“Democracy and Education”
The most interesting argument of Booker T. Washington’s speech, “Democracy and Education” is that instead of hating the white men, Washington not only forgives them, but sympathizes with them. In his speech, Washington says, “I thank God that I have grown to the point where I can sympathize with a white man as much as I can sympathize with a black man. I have grown to the point where I can sympathize with a Southern white man as much as I can sympathize with a Northern white man.”
He points out that white men in the South are still suffering the consequences of slavery. Their homes are destitute from years of fighting in the war, their moral is low, their industrial system is ruined, and they are responsible for preparing in education, politics, and economics for millions of former slaves.
He also sympathizes with them for their lack of education. For every dollars worth of education the southern boy receives, the boy in the north receives twenty dollars worth. Boys in the South have never entered a library while the North has libraries in every town. In the South one can hear a lecture or sermon only once or twice a month, but in the north one can hear a lecture or sermon every day. Washington says that the education these men have had is insignificant. “...so far as the real purpose of education is concerned–the making of men useful, honest, and liberal–this man has never been touched.” A man who appears to be well educated is “as little fitted for the highest purpose of life as any creature found in Central Africa.”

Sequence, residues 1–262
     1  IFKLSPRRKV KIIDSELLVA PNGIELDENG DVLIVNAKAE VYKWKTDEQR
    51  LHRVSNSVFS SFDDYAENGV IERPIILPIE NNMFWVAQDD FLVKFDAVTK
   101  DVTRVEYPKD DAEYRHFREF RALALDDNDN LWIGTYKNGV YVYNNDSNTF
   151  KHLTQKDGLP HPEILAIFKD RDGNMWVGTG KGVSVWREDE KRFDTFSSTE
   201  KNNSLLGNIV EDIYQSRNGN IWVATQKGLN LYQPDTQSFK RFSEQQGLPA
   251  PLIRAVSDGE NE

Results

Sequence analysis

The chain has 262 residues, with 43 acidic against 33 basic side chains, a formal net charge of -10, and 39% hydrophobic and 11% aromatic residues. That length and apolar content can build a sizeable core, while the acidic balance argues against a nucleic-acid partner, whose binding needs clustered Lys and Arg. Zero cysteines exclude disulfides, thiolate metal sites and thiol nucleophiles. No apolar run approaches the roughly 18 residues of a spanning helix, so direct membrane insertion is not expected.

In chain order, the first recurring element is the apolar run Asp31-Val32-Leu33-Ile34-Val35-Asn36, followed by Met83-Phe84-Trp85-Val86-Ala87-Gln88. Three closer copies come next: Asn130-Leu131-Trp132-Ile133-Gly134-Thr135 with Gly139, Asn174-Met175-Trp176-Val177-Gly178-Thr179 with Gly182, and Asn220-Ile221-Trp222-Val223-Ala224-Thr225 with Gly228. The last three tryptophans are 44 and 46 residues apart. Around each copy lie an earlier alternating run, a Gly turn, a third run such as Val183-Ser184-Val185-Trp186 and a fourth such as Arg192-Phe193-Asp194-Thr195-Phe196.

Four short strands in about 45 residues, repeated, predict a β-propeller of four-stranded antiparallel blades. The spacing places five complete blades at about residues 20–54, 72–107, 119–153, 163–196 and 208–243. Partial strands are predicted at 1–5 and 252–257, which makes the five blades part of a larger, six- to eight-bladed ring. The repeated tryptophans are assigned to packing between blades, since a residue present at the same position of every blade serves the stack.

What I find most interesting about Washington’s views is that he does not say that southern people are evil for wanting slavery, but rather claims that they are victims of their circumstances. He could easily take the stance that white men are the evil oppressors that want to keep the black man down. But instead he looks at things from their perspective to better understand them. When he...
Please join StudyMode to read the full document